A new startup called Cull.tv has launched to create non-stop playlists of music videos optimized for a 10-foot viewing experience. For those who remember what it was like to turn on MTV (s via) and watch music videos all day: Cull.tv is kind of like that, except better. That’s because it uses technology to serve up streams of music videos that are not only are tailored to the viewer, but actually sound good together.
Videos can be navigated in a few ways: as a continuous stream based on user preferences, based on videos posted by friends on Facebook or from a growing list of curated playlists. The site doesn’t just crawl the web for available videos, but has technology to discover semantic relationships between videos and delivers them based on a sense of “flow.” As a result, it’s able to combine its recommendation technology with human curation and editorial-based entertainment programming, enabling a set-it-and-forget-it atmosphere for end users.
Cull.tv isn’t alone in trying to tackle the problem of providing a non-stop, 10-foot viewing experience for videos. Companies like Redux, Shelby.tv and even YouTube Leanback (s GOOG) are building recommendation engines for continuous online video streams. Nor is it the only startup focused on playlists for music videos: Muziic and Tubeify give users the ability to build playlists based on their musical tastes. And, of course, there are options like Pandora and Last.fm (s CBS) for streaming music recommendations. But none of these options focuses solely on combining recommendation technology with music videos and displaying them in a 10-foot UI for viewing on the big screen.
Founder Katherine de Leon said in a phone interview that members of the Cull.tv founding team decided to create the company after they were unable to come up with satisfactory background music for a holiday party. “We realized we could either spend hours creating a video playlist or babysit a laptop all night,” de Leon told us. So the team worked on designing a technology solution to the problem. With that in mind, the founders raised a small $100,000 friends and family round in December, and began development on the on the project in January. The team is now in the process of raising an additional $800,000 to continue development of the platform.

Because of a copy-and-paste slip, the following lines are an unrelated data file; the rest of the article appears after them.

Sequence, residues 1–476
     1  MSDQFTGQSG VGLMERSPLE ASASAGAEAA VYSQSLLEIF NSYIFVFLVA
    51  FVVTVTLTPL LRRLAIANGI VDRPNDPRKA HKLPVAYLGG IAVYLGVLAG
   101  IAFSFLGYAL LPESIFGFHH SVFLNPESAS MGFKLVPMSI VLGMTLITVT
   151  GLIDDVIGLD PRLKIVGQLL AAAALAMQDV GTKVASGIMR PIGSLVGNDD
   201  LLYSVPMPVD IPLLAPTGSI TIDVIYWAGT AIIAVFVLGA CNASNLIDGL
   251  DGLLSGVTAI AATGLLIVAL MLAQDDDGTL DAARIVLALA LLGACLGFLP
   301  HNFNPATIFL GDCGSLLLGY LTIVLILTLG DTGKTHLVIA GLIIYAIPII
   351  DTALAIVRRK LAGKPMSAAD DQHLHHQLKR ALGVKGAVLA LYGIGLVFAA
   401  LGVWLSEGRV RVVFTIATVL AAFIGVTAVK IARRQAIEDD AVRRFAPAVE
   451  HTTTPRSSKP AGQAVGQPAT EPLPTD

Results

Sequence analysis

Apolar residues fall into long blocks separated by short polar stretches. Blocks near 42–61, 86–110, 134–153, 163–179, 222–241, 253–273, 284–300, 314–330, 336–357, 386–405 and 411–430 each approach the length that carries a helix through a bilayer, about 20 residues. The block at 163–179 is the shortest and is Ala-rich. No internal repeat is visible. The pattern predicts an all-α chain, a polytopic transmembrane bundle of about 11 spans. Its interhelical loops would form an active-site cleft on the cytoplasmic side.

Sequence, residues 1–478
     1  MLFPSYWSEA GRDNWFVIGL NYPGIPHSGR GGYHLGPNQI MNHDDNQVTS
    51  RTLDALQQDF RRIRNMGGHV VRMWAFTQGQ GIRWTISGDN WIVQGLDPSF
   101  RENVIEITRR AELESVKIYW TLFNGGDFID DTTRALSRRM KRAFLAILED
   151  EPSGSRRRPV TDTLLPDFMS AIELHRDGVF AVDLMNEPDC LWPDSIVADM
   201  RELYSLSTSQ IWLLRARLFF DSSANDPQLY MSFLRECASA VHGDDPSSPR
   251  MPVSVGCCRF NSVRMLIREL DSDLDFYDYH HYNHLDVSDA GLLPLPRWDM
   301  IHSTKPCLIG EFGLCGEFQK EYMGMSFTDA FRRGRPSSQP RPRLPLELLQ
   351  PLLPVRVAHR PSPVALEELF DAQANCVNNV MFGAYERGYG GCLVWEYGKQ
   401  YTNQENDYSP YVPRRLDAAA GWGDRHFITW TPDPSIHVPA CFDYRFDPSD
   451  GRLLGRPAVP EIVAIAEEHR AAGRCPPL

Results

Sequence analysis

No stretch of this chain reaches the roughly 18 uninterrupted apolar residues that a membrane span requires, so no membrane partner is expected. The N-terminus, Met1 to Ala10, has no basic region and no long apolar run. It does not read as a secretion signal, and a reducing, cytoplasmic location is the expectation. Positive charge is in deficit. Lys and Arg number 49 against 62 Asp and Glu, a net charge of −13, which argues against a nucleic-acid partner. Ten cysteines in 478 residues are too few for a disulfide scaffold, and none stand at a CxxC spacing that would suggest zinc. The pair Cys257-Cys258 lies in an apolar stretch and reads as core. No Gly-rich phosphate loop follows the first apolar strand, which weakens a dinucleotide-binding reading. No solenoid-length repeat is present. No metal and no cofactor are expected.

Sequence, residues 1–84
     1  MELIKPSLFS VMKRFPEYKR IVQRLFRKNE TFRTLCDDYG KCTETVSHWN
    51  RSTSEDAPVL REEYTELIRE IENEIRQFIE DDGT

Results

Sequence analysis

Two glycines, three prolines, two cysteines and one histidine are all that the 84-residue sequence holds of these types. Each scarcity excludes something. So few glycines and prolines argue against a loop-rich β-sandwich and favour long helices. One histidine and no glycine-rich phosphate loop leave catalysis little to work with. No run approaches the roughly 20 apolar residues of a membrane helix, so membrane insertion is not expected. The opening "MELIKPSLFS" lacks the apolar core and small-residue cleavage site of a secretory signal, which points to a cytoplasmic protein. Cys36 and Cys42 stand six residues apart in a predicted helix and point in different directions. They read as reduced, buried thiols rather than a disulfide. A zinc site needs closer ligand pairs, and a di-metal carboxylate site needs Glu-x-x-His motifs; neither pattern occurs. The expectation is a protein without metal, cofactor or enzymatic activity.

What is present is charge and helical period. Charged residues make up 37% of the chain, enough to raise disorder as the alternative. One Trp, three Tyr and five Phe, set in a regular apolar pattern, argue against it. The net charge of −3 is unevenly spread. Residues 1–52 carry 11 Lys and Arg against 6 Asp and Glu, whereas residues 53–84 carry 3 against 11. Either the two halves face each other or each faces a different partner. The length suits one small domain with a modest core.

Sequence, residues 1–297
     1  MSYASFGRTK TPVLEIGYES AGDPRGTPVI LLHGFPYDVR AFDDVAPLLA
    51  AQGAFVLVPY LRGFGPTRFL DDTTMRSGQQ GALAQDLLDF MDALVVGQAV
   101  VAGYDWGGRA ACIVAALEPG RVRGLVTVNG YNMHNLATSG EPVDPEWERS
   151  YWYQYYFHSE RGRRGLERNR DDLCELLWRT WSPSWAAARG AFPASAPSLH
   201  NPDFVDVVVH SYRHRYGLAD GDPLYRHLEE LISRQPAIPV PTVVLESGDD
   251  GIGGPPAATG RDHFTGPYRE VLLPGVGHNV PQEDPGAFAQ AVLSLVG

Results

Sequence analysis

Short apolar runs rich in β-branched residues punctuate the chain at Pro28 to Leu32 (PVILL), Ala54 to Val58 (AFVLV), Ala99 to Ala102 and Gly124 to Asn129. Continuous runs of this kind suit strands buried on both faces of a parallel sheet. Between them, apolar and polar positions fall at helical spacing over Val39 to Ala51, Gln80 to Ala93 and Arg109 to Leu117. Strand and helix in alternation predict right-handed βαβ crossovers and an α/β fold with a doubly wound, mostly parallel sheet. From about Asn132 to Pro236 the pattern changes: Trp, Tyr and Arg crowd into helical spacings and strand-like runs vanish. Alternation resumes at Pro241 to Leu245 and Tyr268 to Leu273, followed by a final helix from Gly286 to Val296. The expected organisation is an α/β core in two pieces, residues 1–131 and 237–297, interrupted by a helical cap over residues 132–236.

While creating automated video playlists for parties is a noble pursuit, the Cull.tv team sees a more fundamental need for a leanback music video experience to replace what MTV used to provide. “We all grew up watching MTV in the ’80s and ’90s — you know, back when they actually played music videos,” de Leon told us. Without a comparable channel for no-nonsense viewing of music videos, and with discovery and playback of music videos online still mostly a siloed experience on sites like YouTube or Vevo, Cull.tv seeks to fill that gap.
Cull.tv is currently in a closed beta, but GigaOM readers can test out the service for themselves with the following referral link: cull.tv/join/gigaom. Try it out and let us know what you think in the comments!